September 26, 2007
Contracting Human Rights? Ruggie Teams with IFC on Study
by Bill Baue
Empirical research conducted by John Ruggie and the International Finance Corporation examines if
foreign investment contract clauses enable human rights violations.
A clarion call of concern over the often-dangerous crossroads between business and human rights has
been sounding of late, most prominently trumpeted by Harvard Professor John Ruggie as Special
Representative to the UN Secretary-General on Human Rights and Business. His April 2005 mandate
calls for mapping potholes in the road where business adversely impacts human rights and proposing
solutions to fill them. He and his colleagues--dubbed Team Ruggie--are focusing attention on
concrete practices where business and human rights intersect.
Last month, Team
Ruggie announced a
collaborative study with the International Finance Corporation (IFC), the private sector arm of the
World Bank, to examine just such a juncture: so-called stabilization clauses in contracts between
host governments and project finance investors. These obscure mechanisms--which seek to reduce
investment risks by freezing laws that apply to investors or compensating them for the costs of
complying with new laws--carry significant implications for human rights.
when governments strengthen domestic human rights regulations, often to comply with international
law, do these clauses exempt companies from compliance or governments from enforcement obligations?
What is happening in practice on the ground?
To answer these questions empirically, Team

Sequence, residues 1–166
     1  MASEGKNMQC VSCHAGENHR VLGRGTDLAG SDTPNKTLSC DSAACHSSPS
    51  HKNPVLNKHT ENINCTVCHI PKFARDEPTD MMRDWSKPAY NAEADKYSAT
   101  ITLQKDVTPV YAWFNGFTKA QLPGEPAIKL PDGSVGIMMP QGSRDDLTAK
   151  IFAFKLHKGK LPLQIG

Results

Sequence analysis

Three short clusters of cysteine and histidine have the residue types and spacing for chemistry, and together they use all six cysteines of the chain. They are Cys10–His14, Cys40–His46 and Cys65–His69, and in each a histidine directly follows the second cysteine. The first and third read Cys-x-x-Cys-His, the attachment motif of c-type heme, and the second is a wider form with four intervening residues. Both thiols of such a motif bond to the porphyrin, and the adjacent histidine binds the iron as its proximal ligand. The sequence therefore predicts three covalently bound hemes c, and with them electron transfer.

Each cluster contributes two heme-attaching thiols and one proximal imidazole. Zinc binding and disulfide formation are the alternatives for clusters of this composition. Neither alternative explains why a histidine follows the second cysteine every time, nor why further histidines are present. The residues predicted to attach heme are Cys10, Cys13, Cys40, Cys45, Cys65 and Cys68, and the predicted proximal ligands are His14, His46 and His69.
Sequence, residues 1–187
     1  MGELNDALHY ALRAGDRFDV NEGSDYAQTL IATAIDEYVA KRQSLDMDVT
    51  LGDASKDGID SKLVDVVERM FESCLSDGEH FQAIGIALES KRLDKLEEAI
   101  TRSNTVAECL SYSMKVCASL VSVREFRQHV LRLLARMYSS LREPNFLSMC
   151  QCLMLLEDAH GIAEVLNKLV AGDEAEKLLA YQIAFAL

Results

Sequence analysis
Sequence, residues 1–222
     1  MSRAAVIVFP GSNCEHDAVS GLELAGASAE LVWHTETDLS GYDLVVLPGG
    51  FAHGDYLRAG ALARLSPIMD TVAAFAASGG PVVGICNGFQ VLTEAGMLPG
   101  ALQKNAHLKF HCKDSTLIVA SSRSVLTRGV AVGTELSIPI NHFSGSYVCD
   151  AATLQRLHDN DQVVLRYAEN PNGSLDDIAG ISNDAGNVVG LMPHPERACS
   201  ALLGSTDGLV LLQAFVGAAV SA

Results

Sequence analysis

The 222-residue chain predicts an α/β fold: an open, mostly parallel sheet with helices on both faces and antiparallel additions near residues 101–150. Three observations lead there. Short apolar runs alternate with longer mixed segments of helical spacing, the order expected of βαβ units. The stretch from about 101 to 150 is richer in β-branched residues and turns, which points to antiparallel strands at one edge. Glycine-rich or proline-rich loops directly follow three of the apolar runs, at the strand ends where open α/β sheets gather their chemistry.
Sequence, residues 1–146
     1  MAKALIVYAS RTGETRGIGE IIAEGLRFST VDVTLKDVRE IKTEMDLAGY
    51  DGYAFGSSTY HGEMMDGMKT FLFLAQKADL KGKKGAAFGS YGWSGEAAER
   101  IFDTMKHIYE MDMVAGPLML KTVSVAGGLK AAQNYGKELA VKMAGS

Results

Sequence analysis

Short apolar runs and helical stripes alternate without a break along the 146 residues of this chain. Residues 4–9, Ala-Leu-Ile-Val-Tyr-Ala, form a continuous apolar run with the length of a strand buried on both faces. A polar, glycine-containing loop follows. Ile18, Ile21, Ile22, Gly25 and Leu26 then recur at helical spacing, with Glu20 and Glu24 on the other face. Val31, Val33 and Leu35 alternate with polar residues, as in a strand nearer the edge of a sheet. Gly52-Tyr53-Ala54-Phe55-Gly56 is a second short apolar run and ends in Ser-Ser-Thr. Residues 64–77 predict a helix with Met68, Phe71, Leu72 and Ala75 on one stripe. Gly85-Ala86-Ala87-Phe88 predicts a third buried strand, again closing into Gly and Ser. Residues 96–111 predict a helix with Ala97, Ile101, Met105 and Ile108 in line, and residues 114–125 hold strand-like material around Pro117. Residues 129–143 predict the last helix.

Ruggie added human rights lawyer Andrea Shemberg in June to work with Motoko Aizawa, head of the
policy and standards unit of IFC’s environment and social development department. Shemberg wrote a
for Amnesty International spotlighting human rights implications of the Baku-Tbilisi-Ceyhan (BTC)
pipeline that prompted BP to amend its contract and perform a Human Rights Undertaking that altered
the legal terms and human rights implications of BTC’s stabilization clause.
IFC-Ruggie partnership, which activists may question, grew organically, according to Aizawa. She
told SocialFunds.com that Ruggie’s initial research and IFC’s revision of its performance standards
on social and environmental sustainability (which she spearheaded) followed parallel paths and
“Our initiatives intersected, and I observed at a couple of
consultation sessions that John organized, the stabilization clauses kept on coming up,” said
Aizawa. “NGOs have said that these clauses actually create human rights violations because they
tie the hands of governments, which are responsible under various international agreements to
improve their domestic human rights legislation, and companies may be inadvertently helping
governments not perform their obligations.”
“We recognize that the debate has been
ongoing, but I have not seen any research out there that really analyzes what happens on the
ground,” she added, underscoring the need for this empirical study.
Shemberg thinks “it is
absolutely fundamental that IFC is involved because they operate at this intersection advising
clients on social and environmental issues, so if this research discovers potential risks of
negative impacts on human rights performance of the state, IFC may be part of forging solutions.”
The IFC connection also gives Shemberg access to the dealmakers--businesspeople, lawyers, and